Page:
(One other point: shin/Tim may not be a perfect rhyme, but it's a darnsight better than leg/John. The verse needed a rhyme - that line has an internal rhyme (which we know Tolkien was fond of - 'Errantry', probably his most complex poem, is built entirely on internal rhymes and half-rhymes!) in every verse - and it needed to rhyme with 'shin' (to work with 'kin' later on). There can't be that many monosyllabic named ending in -in or something close to it - and the Tim/Tom pair has a great appeal in its own right! Either way, whyever he chose Tim, it's abundantly clear that the name had to change to fit the rhyme.)

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Old 04-22-2018, 09:42 PM   #7
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Huinesoron

"Thankfully, there is an extremely simple way to prove that The Root of the Boot (in its original form) must be allegorical, as you propose in your last paragraph to me: simply demonstrate the same thing for the other Tolkien poems in the volume!"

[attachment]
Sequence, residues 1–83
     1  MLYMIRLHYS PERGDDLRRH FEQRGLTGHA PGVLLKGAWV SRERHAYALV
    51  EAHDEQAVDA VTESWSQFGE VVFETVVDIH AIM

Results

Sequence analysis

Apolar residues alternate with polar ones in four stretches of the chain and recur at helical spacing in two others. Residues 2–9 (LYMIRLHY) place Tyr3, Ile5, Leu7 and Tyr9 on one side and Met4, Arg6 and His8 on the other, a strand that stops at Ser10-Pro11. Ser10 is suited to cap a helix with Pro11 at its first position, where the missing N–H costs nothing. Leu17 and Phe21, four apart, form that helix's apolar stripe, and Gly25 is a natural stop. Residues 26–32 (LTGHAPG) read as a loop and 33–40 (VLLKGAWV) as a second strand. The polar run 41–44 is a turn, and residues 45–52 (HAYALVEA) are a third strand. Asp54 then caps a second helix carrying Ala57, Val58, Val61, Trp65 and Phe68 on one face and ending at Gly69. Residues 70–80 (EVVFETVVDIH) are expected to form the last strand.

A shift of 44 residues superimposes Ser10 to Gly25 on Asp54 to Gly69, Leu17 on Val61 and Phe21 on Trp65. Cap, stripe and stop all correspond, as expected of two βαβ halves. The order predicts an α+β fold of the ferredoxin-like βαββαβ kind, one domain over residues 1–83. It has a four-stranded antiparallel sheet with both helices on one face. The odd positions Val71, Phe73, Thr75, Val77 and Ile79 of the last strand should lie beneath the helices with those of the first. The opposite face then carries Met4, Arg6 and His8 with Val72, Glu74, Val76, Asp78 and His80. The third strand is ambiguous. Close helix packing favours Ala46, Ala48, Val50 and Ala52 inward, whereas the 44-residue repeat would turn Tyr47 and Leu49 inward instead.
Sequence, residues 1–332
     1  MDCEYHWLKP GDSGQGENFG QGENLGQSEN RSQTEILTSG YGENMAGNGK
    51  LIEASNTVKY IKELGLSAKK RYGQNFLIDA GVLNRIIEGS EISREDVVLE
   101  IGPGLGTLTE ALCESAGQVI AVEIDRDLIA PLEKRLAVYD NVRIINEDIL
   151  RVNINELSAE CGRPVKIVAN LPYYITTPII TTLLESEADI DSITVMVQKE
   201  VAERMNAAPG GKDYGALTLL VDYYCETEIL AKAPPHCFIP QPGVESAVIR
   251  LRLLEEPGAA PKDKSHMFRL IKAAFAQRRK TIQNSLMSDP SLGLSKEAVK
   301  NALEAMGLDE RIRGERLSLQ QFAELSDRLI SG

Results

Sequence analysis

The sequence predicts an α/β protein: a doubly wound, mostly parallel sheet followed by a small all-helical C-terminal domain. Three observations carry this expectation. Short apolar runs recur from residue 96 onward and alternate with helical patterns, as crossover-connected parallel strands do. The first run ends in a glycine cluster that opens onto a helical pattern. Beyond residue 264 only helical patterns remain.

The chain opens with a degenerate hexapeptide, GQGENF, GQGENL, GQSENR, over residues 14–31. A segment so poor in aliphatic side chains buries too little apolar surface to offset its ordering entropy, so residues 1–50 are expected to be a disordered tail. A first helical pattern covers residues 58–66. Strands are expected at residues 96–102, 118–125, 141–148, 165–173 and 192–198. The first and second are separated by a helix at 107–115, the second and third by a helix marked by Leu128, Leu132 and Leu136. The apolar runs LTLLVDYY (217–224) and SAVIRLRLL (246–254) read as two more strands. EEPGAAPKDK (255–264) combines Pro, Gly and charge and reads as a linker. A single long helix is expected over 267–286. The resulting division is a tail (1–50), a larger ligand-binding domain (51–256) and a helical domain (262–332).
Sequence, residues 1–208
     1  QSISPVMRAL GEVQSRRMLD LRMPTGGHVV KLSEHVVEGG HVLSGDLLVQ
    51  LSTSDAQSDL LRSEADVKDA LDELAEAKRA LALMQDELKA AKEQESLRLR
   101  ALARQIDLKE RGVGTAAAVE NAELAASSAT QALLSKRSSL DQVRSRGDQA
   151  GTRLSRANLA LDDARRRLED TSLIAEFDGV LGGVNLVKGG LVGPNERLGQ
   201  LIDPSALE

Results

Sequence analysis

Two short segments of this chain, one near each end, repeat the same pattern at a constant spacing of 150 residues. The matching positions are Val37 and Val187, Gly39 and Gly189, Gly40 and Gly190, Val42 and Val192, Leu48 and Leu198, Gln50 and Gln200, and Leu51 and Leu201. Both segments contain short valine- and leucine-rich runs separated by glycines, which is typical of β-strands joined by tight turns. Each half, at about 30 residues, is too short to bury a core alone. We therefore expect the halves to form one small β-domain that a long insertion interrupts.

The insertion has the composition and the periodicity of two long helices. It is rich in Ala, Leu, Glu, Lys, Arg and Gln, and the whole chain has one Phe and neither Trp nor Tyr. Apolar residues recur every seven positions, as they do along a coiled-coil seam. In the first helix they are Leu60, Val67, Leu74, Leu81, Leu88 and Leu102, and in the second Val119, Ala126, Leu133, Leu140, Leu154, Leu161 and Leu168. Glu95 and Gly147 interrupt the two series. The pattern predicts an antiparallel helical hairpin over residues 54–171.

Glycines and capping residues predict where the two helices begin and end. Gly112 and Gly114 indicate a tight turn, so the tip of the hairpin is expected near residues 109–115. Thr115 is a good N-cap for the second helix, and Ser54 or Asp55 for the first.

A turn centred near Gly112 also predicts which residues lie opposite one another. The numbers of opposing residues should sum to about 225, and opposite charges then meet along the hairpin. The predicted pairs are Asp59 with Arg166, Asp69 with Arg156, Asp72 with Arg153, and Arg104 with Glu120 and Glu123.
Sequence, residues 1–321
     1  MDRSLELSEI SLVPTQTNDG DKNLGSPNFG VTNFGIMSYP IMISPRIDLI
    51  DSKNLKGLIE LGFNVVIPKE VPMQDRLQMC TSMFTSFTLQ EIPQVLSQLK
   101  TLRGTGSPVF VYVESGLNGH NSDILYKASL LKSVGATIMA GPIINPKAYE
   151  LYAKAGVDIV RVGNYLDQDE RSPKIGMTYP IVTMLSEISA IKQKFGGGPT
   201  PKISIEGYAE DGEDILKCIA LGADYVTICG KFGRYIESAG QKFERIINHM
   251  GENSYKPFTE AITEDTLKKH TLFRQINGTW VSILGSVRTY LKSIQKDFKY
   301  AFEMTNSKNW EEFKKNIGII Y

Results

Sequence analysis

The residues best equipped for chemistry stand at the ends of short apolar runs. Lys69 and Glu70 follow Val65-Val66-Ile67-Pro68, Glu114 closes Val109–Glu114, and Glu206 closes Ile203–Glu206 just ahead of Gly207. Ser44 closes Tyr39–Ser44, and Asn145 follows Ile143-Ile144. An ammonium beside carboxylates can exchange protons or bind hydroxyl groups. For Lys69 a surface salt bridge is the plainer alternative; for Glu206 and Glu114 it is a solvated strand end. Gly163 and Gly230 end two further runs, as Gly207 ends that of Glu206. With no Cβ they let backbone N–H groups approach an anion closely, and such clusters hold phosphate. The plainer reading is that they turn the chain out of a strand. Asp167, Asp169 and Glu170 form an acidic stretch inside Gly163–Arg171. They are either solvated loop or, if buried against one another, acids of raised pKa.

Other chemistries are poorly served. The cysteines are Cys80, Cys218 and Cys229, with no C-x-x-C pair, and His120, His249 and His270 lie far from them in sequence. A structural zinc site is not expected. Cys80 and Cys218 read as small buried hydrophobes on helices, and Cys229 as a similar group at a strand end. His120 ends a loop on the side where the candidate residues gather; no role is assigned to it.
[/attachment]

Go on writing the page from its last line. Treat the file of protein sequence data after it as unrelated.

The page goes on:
I think that would be an entirely unreasonable expectation for a pamphlet titled Songs for the Philologists. It wasn't: 'Allegorical Songs for the Philologists'.

"One other point: shin/Tim may not be a perfect rhyme, but it's a darnsight better than leg/John."


I get your point – but equally as previously noted – it wasn't an absolute necessity to have a perfect or even pseudo rhyme sequence – nor does the final result possess it. In any case, one might theorize that the change could have been a dual one - for both your reason and Ms. Seth's.

In other words Tolkien may have killed two birds with one stone (troll) !